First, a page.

If you would like more information on The Great Book of Anchorages series, would like to order books, or interview Chuck or Susan, call us at 713-244-4686 or email info@tgboa.com.
    Website, https://www.tgboa.com/
    Susan Landry, Publisher/Author/Editor
    Chuck Baier, Publisher/Author
    Beach House Publications
    P.O. Box 1418
    Sarasota, Florida 34230
    713-244-4686
    info@tgboa.com

  • Which Senior Pass for the Okeechobee Waterway?

    Readers have mentioned the use of a “senior pass” when docking in the Okeechobee Waterway: http://cruisersnet.net/?p=141594. Skipper Will asks for clarification as to which senior passes are accepted in the Waterway. My guess would be the National Parks and Federal Recreational Lands Senior Pass (62 and older, $10/life.) If you have a better or different answer, please let us hear from you!

    Great Info [link above] -Thanks very much-looking forward to using the Okeechobee myself this fall. Which GOLDEN AGE pass is the one in play here- there are so many, and with different virtues?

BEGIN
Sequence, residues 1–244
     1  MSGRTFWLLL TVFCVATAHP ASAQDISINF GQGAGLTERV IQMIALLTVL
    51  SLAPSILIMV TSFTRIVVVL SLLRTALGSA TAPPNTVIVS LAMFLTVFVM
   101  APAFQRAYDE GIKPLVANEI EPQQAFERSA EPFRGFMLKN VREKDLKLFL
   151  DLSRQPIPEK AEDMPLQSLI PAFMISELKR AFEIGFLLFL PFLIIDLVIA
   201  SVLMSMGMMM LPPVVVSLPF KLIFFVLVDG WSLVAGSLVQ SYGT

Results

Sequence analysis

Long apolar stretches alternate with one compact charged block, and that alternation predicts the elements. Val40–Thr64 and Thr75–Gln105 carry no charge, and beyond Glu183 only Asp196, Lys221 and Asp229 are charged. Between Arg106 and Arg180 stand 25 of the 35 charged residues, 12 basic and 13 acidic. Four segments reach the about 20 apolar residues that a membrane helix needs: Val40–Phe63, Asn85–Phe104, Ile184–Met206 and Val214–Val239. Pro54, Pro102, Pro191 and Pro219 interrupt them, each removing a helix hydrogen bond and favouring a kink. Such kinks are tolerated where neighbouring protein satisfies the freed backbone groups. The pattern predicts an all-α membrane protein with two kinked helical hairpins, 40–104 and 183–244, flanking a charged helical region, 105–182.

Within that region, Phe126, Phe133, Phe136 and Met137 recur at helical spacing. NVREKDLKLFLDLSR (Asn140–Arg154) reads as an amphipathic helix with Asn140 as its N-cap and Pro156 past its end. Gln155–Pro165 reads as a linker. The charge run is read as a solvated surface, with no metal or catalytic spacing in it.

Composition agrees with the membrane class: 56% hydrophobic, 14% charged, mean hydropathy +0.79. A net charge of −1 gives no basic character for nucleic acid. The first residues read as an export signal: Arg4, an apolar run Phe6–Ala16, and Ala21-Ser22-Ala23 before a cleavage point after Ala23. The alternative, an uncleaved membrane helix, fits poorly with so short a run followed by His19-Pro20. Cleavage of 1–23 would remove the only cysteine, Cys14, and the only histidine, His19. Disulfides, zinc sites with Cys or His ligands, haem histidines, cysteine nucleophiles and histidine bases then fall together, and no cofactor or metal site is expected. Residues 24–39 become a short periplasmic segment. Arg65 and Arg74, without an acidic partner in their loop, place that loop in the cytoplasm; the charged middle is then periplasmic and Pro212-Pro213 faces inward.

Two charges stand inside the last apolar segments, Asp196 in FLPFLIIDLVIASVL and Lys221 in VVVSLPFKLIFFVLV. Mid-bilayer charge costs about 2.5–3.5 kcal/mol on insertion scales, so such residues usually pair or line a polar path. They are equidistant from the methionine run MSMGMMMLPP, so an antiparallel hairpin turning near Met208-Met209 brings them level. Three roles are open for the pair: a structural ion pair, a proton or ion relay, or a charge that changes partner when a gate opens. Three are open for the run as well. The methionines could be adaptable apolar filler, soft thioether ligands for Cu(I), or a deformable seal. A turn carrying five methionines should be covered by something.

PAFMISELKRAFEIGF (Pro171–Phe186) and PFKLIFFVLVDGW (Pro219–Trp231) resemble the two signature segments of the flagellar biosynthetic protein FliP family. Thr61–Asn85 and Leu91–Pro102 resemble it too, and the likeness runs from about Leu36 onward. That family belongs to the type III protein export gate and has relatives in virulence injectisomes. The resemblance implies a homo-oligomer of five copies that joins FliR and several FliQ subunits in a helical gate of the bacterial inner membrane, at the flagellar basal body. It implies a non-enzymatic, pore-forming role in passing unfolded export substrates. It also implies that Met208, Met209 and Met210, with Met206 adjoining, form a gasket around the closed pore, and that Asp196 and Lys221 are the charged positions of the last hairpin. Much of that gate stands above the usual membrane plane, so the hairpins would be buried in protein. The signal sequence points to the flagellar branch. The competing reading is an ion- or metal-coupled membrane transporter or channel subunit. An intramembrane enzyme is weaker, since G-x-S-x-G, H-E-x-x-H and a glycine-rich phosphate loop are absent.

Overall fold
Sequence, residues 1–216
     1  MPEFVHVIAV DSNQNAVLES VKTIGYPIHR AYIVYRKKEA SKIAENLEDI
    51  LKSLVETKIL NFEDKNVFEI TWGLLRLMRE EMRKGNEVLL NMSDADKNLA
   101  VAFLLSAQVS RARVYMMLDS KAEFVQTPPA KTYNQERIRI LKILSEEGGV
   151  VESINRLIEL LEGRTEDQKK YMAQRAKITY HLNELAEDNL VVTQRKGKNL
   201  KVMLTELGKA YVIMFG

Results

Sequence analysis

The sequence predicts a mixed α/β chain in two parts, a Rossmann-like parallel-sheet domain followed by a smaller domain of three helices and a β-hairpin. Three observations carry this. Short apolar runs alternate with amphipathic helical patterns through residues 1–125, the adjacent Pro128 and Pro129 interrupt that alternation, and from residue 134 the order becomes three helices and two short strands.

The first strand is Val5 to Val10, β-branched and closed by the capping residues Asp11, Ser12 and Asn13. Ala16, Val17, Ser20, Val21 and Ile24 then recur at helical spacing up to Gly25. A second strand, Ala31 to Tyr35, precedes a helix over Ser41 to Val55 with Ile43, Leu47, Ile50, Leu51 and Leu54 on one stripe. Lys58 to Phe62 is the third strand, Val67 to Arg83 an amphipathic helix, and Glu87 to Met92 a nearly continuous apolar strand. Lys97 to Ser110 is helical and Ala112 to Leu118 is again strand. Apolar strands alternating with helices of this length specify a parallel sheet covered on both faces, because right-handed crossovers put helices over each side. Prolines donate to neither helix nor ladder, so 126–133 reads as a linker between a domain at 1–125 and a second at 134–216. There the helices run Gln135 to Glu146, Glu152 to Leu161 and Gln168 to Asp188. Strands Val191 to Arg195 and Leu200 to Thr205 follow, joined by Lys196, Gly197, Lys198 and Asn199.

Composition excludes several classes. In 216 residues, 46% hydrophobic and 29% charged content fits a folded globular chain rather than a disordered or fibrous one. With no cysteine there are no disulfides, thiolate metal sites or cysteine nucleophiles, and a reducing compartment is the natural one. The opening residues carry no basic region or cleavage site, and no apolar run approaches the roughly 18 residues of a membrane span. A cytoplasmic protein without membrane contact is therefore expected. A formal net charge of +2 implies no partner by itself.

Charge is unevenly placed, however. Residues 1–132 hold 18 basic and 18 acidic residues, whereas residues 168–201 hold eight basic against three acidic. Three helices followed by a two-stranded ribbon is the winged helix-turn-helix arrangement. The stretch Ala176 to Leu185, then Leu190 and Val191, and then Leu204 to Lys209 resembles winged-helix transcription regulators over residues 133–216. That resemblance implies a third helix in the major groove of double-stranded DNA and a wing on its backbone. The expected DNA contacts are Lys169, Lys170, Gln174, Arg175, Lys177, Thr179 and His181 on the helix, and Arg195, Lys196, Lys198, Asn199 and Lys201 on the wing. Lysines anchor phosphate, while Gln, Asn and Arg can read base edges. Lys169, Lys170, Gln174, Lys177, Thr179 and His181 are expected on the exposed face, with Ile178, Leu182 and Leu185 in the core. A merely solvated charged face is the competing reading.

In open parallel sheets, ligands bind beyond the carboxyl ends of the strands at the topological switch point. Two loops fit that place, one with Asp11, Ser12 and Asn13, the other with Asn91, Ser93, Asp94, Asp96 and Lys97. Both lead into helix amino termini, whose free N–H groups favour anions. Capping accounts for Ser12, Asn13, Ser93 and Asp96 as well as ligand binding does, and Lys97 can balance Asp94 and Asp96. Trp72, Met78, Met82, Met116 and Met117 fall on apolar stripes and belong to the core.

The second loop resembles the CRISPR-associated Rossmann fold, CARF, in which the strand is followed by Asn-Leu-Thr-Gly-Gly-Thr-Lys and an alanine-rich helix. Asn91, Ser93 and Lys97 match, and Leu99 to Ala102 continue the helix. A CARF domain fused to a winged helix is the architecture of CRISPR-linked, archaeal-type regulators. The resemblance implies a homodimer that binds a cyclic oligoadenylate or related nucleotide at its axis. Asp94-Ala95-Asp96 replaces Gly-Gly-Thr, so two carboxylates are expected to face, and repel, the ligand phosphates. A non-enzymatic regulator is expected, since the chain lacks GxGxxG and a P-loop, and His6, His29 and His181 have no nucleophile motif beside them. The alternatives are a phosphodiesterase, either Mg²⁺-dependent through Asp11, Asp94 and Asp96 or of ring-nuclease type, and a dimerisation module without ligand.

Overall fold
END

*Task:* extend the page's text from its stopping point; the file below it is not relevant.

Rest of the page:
Thanks, Will

    Aren’t you glad we asked: it’s $10 for life! As Skipper Bennight says: the best government fee ever!

    Yes the Senior Pass from the NPS -formerly known as the Golden Age Pass http://www.nps.gov/findapark/passes.htm $10 for life works its magic not only at National Parks but various other federal recreation areas. In this case it gets you half off the normal $24/night slip fee…..
    Kim

    The Senior pass is offered by the U.S, Park Service and is good for all national parks but not state or county parks. It is not issued at every park so check ahead.
    Chuck Baier

    The National Parks and Federal Recreational Lands Pass is indeed for those of us 62 and older but that $10 pass is a Lifteime Pass – not annual. (The best $10 government fee ever.) It is available to a U.S. Cirizen or permanent resident.
    Jim Bennight

    Boy, I’ve never heard of this and I’ve been across it several times, both directions.
    Skipper CW

  • Caution Needed between Okeechobee Waterway Statute Miles 55 and 58